1 “John Baldessari: Pure Beauty” (Tate Modern, London) No doubt the show of the year: visually overwhelming, wry, and, as always in Baldessari’s case, mildly subversive. The artist says, “I think there’s value in being under the radar, because you can develop better. And now I don’t care about the spotlight because I am who I am, so it doesn’t really matter.” He may not care, but the fact that after all these years he’s out there reaching a huge audience does matter.

    2 Inhotim, Brumadinho, Brazil Nine ambitious new permanent projects by, among others, Chris Burden, Yayoi Kusama,

  • David Barison and Daniel Ross, The Ister, 2004, stills from a color video, 189 minutes. Right: Bernard Stiegler.
    film November 17, 2009

    A River Runs Through It

    RIVERS HAVE no poetic power anymore, German filmmaker Hans-Jürgen Syberberg tells us in David Barison and Daniel Ross’s 2004 documentary The Ister (now available on DVD). They have lost their mythic resonance and become part of the “machine” of “daily life.” These days, Syberberg asserts, nobody would create a major work of art about a river, the way Richard Wagner or Friedrich Hölderlin did. Syberberg’s musings appear at the very conclusion of Barison and Ross’s three-hour philosophical voyage. The film traces the Danube’s full course, from the Black Sea all the way to its source in southern

  • Arthur C. Danto’s Andy Warhol

    ARTHUR C. DANTO, who not only seeks but finds, is a luckier man than his namesake, the legendary king who never discovers the Holy Grail, for which he so desperately searches. Indeed, while Danto’s admirers will have previously come across many of the arguments in this slim and elegant volume, things get exciting and, I have to say, a bit surprising in its final chapter, where Warhol’s Brillo Boxes are compared to the Grail. Like the Santo Cáliz, a regular-looking bowl in Valencia, Spain, believed by some to have touched Christ’s lips (Danto considers it plausible), the Brillo Boxes are disguised

  • Carsten Höller’s Double Club

    I WENT TO A BAR, restaurant, and dance club where the Congo meets the West. And then, a few weeks later, I went to a bar, restaurant, and dance club where the West meets the Congo. Both were located at 7 Torrens Street, a tiny alley in East London, so one could say they were the same place. But Carsten Höller’s Double Club, a Fondazione Prada production that opened last November and will close later this year, emphasizes ambivalence and puzzling duplications to such an extent that this sameness becomes less and less evident over time. Already, at the entrance to the large bar area, you have to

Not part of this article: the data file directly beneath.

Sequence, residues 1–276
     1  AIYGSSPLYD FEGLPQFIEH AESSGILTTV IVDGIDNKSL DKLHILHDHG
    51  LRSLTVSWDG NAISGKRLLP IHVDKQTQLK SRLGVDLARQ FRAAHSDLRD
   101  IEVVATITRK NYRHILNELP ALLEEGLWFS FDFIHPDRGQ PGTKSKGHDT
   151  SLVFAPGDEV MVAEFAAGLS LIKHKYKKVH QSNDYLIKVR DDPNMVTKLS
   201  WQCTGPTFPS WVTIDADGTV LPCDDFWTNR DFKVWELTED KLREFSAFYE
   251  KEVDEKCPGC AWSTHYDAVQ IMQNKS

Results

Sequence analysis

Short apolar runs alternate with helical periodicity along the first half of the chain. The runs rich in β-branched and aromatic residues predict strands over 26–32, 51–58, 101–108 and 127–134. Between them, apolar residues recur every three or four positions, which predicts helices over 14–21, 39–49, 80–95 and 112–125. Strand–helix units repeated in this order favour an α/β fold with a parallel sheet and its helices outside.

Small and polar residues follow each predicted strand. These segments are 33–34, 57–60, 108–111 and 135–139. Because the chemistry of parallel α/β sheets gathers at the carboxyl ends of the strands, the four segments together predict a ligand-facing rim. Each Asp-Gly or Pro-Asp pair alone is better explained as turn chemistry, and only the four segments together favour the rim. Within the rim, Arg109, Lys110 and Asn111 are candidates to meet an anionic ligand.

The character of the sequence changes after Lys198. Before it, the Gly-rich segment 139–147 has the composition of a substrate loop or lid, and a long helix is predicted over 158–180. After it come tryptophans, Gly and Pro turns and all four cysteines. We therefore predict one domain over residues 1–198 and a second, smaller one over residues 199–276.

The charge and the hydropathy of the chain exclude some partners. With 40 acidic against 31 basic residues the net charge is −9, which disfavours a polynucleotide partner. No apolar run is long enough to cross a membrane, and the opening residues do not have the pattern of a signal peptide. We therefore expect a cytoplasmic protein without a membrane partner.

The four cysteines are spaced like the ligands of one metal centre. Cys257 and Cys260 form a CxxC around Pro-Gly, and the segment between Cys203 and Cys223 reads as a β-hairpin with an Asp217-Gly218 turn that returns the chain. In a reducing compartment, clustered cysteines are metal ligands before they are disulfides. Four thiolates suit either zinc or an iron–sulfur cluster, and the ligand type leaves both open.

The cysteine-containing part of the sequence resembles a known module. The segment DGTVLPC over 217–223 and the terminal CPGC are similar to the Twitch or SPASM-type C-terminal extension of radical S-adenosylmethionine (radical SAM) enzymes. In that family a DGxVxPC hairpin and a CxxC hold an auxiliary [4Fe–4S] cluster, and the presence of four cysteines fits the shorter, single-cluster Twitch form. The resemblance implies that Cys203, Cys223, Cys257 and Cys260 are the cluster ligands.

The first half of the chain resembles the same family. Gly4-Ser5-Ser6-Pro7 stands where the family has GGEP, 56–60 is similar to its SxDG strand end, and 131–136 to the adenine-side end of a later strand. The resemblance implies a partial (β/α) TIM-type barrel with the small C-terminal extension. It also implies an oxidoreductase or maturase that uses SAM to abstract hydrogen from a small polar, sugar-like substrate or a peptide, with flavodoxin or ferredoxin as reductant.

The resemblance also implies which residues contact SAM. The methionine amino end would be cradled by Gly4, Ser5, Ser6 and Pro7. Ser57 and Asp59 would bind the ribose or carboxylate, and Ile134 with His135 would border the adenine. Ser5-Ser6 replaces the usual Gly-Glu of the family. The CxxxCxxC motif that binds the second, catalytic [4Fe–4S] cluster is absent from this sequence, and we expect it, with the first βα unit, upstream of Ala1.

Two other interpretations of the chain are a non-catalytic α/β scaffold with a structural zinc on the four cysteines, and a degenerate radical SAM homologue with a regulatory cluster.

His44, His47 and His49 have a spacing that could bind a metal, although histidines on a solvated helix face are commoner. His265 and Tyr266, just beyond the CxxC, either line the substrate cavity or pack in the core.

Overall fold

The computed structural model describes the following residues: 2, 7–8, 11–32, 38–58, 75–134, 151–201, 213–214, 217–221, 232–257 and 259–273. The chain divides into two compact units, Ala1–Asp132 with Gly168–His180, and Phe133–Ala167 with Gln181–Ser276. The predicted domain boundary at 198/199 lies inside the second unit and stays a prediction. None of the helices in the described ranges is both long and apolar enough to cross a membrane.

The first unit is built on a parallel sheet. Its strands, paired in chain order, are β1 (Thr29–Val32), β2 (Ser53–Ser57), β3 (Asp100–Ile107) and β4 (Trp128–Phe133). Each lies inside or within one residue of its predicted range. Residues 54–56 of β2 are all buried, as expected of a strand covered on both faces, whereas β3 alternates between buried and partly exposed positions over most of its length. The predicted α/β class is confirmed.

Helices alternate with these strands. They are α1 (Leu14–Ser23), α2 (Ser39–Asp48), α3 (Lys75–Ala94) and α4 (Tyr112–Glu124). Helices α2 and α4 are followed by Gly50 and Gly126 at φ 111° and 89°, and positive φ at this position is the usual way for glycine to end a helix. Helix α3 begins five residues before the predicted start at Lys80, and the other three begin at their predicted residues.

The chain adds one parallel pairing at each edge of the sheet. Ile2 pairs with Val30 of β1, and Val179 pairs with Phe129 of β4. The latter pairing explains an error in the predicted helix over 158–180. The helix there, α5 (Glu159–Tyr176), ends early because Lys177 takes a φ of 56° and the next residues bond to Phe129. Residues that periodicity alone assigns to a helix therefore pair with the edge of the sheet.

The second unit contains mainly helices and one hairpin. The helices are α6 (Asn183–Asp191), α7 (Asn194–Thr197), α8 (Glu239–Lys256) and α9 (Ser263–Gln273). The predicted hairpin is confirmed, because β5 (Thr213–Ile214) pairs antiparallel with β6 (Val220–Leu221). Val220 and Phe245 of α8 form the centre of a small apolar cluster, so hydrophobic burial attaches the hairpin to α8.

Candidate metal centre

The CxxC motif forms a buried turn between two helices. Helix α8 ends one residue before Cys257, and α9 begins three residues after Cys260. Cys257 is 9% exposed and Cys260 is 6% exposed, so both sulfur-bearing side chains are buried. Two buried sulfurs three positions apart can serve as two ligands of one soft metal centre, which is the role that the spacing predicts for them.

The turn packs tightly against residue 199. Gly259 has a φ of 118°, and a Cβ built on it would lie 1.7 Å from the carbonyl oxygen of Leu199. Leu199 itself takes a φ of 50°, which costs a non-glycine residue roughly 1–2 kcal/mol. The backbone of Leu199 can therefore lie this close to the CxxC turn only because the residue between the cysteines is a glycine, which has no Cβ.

• Daniel Birnbaum

    DANIEL BIRNBAUM

    1 Alexander Kluge, Nachrichten aus der ideologischen Antike (News from the Antiquity of Ideology) (Suhrkamp/Insel) Kluge, now seventy-six years old, is still the German artist who fascinates me most. For this work, he implemented Sergei Eisenstein’s 1920s plan to make a film of Karl Marx’s Das Kapital. Kluge’s 580-minute filmic collage on three DVDs is a visual polyphony (with commentaries by writers including Boris Groys and Dietmar Dath) that quickly becomes a labyrinth as absorbing as any great cultural work of the past century. News that stays news.

    2 Chu Yun In the context of

  • Renzo Piano’s Pontus Hultén Study Gallery

    THE MACHINERY IS QUITE LOUD, and that is something that the architect Renzo Piano, its designer, likes. In fact, as he explained to me this past summer, standing in a gallery of Moderna Museet in Stockholm—where his contraption was making walls of artworks descend from the ceiling along metal tracks—he would not have minded it being even noisier. However cool his architecture, Piano has a taste for extravagant machines, something he shared with his longtime friend Pontus Hultén (1924–2006), at whose behest and in whose spirit this unique apparatus was created. In 2005, Hultén, head of the Moderna

  • Fischli & Weiss

    IN HIS ESSAY on the uncanny, Freud tells the story of a young couple who move into a house in which there is a wooden table with carvings of crocodiles. “Toward evening,” he writes, “an intolerable and very specific smell begins to pervade the house; they stumble over something in the dark; they seem to see a vague form gliding over the stairs—in short, we are given to understand that the presence of the table causes ghostly crocodiles to haunt the place.” Something similar happened this past winter at the Palazzo Litta in Milan, a stunning Baroque building in which the Fondazione Nicola Trussardi